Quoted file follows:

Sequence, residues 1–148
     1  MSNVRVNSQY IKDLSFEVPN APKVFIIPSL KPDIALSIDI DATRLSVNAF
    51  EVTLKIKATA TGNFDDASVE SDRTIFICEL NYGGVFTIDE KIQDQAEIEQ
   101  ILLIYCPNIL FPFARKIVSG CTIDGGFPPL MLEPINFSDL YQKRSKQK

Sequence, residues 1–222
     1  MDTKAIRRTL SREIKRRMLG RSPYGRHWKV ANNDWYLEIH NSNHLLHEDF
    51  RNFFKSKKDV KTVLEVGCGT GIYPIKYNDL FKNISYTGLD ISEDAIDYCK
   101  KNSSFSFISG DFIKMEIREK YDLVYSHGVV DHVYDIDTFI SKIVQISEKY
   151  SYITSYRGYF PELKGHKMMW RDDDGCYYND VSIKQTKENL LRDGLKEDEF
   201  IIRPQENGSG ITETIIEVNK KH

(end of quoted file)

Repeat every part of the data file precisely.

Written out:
Sequence, residues 1–148
     1  MSNVRVNSQY IKDLSFEVPN APKVFIIPSL KPDIALSIDI DATRLSVNAF
    51  EVTLKIKATA TGNFDDASVE SDRTIFICEL NYGGVFTIDE KIQDQAEIEQ
   101  ILLIYCPNIL FPFARKIVSG CTIDGGFPPL MLEPINFSDL YQKRSKQK

Sequence, residues 1–222
     1  MDTKAIRRTL SREIKRRMLG RSPYGRHWKV ANNDWYLEIH NSNHLLHEDF
    51  RNFFKSKKDV KTVLEVGCGT GIYPIKYNDL FKNISYTGLD ISEDAIDYCK
   101  KNSSFSFISG DFIKMEIREK YDLVYSHGVV DHVYDIDTFI SKIVQISEKY
   151  SYITSYRGYF PELKGHKMMW RDDDGCYYND VSIKQTKENL LRDGLKEDEF
   201  IIRPQENGSG ITETIIEVNK KH